Converts offset lapsed Muslims in the US

23rd Feb 2018

Hamed Chapman

Unlike other religions in the United States, Islam gains as many converts as those who no longer identify themselves as Muslims, according to two different surveys.

A new analysis of the 2014 Religious Landscape Study found a similarity in numbers between lapsed American Christians and Muslims (22 percent compared with 23 percent.) But while the share of new converts to Christianity numbered only six percent, it was about a quarter (23 percent) among Muslims.

A 2017 Pew Research Center survey of US Muslims, using slightly different questions than the 2014 survey, found a similar estimate (24%) of the share of those who were raised Muslim but have lapsed. Among this group, 55% no longer identify with any religion, fewer identify as Christian (22%), and an additional one-in-five (21%) identify with a wide variety of smaller groups, including faiths such as Buddhism, Hinduism, Judaism, or as generally “spiritual.”

Among those who have converted to Islam, a majority come from a Christian background. In fact, about half of all converts to Islam (53%) identified as Protestant before converting; another 20% were Catholic. And roughly one-in-five (19%) volunteered that they had no religion before converting to Islam, while smaller shares switched from Orthodox Christianity, Buddhism, Judaism or some other religion.

In recent years, the number of American Muslims has been growing steadily, by around 100,000 annually. From the studies, it suggests that those no longer identifying with Islam are having no effect being offset with converts, unlike the net decline in Christianity.

Asked to specify why they became Muslim, converts in the 2017 study gave a variety of reasons. About a quarter said they preferred the beliefs or teachings of Islam to those of their prior religion, while 21% say they read religious texts or studied Islam before making the decision to switch. Others said they wanted to belong to a community (10%), that marriage or a relationship was the prime motivator (9%), that they were introduced to the faith by a friend, or that they were following a public leader (9%).

In comparison, a quarter of lapsed Muslims cited issues with religion and faith in general. Some said that they dislike organised religion (12%), that they do not believe in God (8%), or that they are just not religious (5%). Roughly one-in-five cited a reason specific to their experience with Islam, such as being raised Muslim but never connecting with the faith (9%) or disagreeing with the teachings (7%) of Islam.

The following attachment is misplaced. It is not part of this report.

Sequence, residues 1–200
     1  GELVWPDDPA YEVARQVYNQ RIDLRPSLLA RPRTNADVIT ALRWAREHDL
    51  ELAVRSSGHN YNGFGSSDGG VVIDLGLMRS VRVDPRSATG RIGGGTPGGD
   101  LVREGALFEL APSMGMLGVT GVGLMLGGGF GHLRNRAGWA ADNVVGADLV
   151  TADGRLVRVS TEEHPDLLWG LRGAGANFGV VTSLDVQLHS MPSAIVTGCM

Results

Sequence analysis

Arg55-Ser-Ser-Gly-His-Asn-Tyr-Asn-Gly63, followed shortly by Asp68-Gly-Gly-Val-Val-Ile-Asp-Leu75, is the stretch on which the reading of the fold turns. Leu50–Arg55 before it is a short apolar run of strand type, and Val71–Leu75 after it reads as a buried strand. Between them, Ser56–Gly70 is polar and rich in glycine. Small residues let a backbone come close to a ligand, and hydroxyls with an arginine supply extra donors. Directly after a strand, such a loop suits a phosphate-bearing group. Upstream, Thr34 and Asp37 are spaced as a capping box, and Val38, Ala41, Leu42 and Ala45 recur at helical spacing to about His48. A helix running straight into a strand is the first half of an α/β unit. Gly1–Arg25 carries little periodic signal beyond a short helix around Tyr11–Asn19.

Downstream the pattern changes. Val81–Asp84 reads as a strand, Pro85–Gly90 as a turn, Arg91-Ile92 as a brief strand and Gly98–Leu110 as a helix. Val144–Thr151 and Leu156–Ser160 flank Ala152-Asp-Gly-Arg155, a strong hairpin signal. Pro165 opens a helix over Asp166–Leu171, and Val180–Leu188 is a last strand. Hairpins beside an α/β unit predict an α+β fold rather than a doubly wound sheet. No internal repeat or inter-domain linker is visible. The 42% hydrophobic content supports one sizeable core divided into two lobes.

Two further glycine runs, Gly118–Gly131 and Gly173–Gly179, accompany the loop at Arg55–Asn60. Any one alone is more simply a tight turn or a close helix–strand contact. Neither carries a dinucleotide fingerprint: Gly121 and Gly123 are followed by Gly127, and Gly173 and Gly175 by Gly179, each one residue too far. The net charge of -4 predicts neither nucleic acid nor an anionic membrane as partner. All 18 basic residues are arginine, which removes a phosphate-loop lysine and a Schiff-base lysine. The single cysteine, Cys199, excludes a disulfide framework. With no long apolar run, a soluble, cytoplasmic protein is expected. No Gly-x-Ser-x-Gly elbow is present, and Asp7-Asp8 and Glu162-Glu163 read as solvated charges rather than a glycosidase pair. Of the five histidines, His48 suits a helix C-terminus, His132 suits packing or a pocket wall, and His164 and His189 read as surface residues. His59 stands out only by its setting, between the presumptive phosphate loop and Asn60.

A striking number of Iranians were found among those who have left Islam that were more likely to be immigrants (22%) than those who have not switched faiths (8%). The spike was thought to be the result of a spike of those seeking political asylum following the 1979 Islamic Revolution in Iran.

With regard to core identities, comparisons of three previous polls in the last three years found that fewer Americans, both Republicans and Democrats, identify themselves as American citizens first, while at the same time, there is marked an increase of religious identity among Republicans and cosmopolitan identity among Democrats.

Timed with the first anniversary of the Trump presidency, a University of Maryland Critical Issues Poll suggested that the shift in identity may have “its roots in the declining faith many have in the American Dream and American exceptionalism.”
It believed the cosmopolitan, or world-oriented, leanings of young Democrats and their disillusionment with American exceptionalism are likely to have consequences for how this group interacts with the American political system while Republicans’ identification as American first was also found to have declined since 2015.

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